When Congress returns from their August recess, they will have two weeks to decide the fate of the Export-Import Bank. The bank’s authorization expires on October 1, and without action from Congress before then, it will shut down, putting American exporters at a competitive disadvantage.
What is the Ex-Im Bank?
The Export-Import (Ex-Im) Bank is a Congressionally-chartered federal agency that provides trade financing to facilitate the purchase of American-made good by foreign customers. In 2013, the bank financed $37.4 billion worth of exported goods and supported over 200,000 jobs.
The Bank was created in 1945 and operates under a renewable charter. Congress last reauthorized its charter in 2012 for two years, and the Bank’s authority will expire on September 30 if lawmakers do not act.
How does the Ex-Im Bank help American businesses?
About 80 to 90 percent of goods traded between countries rely on financing, from both government and the private sector. The bank provides backing in cases where an important opportunity exists for American businesses but private investors will not enter the market without a guarantee. Often, the Ex-Im Bank will use private sector partners to provide financing, with the bank providing guarantees. About 98 percent of the Ex-Im Bank’s transactions in 2013 involved commercial banks.
Loan Guarantees: Loan guarantees are one way the Ex-Im Bank helps exporters. If a foreign buyer cannot obtain a loan from a commercial bank, the Ex-Im Bank may guarantee the repayment of that loan.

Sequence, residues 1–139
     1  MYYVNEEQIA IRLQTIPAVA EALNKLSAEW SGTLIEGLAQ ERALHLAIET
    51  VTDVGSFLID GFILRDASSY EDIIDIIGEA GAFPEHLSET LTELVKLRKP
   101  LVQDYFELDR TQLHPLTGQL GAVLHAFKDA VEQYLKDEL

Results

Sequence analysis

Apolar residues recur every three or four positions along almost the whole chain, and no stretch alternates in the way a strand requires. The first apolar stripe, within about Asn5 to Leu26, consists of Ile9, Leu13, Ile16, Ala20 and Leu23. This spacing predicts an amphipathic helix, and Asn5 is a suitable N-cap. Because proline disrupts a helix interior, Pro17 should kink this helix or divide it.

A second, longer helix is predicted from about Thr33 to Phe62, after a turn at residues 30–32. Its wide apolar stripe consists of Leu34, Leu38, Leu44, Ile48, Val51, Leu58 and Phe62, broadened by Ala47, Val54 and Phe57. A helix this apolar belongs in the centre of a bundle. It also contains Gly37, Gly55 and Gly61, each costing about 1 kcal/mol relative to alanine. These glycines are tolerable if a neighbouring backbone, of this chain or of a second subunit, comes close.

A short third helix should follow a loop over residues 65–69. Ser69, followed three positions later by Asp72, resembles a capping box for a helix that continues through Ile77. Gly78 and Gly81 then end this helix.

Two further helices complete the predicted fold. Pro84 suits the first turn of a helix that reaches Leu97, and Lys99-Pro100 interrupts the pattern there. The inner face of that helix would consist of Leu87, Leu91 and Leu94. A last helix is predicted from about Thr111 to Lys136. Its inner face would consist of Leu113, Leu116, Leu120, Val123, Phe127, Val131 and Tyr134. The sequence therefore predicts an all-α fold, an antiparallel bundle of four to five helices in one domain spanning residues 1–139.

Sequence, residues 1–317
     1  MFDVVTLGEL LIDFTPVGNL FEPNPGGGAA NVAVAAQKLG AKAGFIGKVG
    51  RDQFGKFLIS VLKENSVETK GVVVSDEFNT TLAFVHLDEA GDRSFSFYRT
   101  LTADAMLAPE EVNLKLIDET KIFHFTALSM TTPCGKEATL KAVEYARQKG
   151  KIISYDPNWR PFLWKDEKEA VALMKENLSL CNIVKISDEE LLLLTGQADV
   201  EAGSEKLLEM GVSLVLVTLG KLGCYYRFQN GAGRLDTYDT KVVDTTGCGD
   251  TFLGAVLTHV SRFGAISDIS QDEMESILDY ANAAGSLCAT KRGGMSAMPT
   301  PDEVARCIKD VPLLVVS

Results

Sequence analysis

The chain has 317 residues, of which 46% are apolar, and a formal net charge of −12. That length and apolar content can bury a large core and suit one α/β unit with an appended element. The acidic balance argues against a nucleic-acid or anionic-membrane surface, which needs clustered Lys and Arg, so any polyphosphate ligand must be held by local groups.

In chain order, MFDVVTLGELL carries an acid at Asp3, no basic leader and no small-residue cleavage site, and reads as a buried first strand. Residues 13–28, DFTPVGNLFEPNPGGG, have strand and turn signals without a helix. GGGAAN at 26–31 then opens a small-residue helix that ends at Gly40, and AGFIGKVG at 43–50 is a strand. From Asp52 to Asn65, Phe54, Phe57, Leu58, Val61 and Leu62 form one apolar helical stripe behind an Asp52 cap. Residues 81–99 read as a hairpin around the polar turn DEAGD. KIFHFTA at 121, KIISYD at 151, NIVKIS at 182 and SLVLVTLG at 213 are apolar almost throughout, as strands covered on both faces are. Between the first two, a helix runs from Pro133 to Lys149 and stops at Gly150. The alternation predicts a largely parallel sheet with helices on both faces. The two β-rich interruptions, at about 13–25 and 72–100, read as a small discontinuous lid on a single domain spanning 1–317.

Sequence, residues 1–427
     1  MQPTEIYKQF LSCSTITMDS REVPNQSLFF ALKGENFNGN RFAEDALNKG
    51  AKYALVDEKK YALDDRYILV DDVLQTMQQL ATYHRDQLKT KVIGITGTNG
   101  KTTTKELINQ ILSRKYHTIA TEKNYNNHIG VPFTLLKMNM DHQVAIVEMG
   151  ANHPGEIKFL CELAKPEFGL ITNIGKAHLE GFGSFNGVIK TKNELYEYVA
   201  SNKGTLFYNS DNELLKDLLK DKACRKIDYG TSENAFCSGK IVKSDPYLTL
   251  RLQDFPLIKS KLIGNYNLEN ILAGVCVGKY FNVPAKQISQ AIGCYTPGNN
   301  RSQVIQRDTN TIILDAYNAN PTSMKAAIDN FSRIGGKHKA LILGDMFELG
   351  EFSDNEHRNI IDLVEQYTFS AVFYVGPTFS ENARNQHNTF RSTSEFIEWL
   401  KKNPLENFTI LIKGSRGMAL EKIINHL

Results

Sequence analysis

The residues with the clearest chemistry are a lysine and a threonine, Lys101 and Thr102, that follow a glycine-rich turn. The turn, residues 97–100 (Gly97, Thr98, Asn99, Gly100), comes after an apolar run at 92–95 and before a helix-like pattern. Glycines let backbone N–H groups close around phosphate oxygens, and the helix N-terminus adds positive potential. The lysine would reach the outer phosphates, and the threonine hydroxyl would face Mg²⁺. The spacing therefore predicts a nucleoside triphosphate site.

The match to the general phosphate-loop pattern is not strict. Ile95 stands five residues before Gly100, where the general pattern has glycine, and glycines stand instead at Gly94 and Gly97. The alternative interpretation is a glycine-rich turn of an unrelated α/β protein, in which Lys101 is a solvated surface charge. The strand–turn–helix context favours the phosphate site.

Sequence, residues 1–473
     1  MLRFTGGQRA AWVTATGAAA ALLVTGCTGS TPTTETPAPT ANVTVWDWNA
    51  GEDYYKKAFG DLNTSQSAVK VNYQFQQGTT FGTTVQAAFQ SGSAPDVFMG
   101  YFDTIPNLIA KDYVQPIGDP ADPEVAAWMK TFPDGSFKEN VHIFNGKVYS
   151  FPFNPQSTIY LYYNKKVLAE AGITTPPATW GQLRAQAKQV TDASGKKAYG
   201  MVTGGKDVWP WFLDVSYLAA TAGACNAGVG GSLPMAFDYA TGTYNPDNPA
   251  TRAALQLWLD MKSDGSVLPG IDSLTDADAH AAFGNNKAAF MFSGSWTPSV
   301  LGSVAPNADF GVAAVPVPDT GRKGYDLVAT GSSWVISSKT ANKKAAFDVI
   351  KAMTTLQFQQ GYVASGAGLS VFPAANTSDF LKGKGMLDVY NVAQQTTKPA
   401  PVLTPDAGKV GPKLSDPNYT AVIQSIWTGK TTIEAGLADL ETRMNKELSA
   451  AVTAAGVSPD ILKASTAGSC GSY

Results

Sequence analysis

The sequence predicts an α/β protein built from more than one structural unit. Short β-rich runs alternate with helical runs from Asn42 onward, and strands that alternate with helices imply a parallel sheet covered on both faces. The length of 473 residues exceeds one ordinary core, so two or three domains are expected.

Working Capital Guarantees: Many small businesses use the bank for working capital guarantees. A small business with export potential may require a short-term working capital loan from a bank, which the Ex-Im Bank guarantees to reduce the risk.
How much does the Ex-Im Bank cost taxpayers?
Nothing. In fact, the Ex-Im Bank generated profits of $2 billion over the past four years, which it sent to the general fund.
The Ex-Im Bank is designed to be self-sufficient by charging fees to cover the risk of default and its operating costs. The bank is required to aggressively manage its risk and keep default rates under 2 percent. Currently, the default rate for Ex-Im Bank transactions is about 0.2 percent. For comparison, the default rate for corporate bonds in 2013 was about 1 percent. If the rate of default rises, the Bank has built up nearly $4 billion in reserves as insurance.
Do other countries provide similar financing to exporters?
Over 60 countries have export-credit agencies (ECAs), similar to the Ex-Im Bank, to promote exports of nationally-made goods. One study from the National Association of Manufacturers and the Economist Intelligence Unit shows that compared to other countries, the support provided by the Ex-Im Bank is relatively small. The U.S. ranks sixth, behind China, Japan, Canada, South Korea, and Germany, in the total support provided by ECAs.
What kind of companies does the Ex-Im Bank support?
The Ex-Im Bank provided support to 3,400 businesses last year. About 90 percent of those were small businesses, which accounted for 80 percent of the banks transactions. However, small businesses have smaller and shorter-term capital needs, so just less than 20 percent of the bank’s financing directly went to small businesses.
Many large companies that use the Ex-Im Bank rely on small businesses in their supply chains, so the Bank’s support benefits many more small companies indirectly. The Ex-Im supports a variety of industries, but about half of the financing authority is directed to aircraft exports.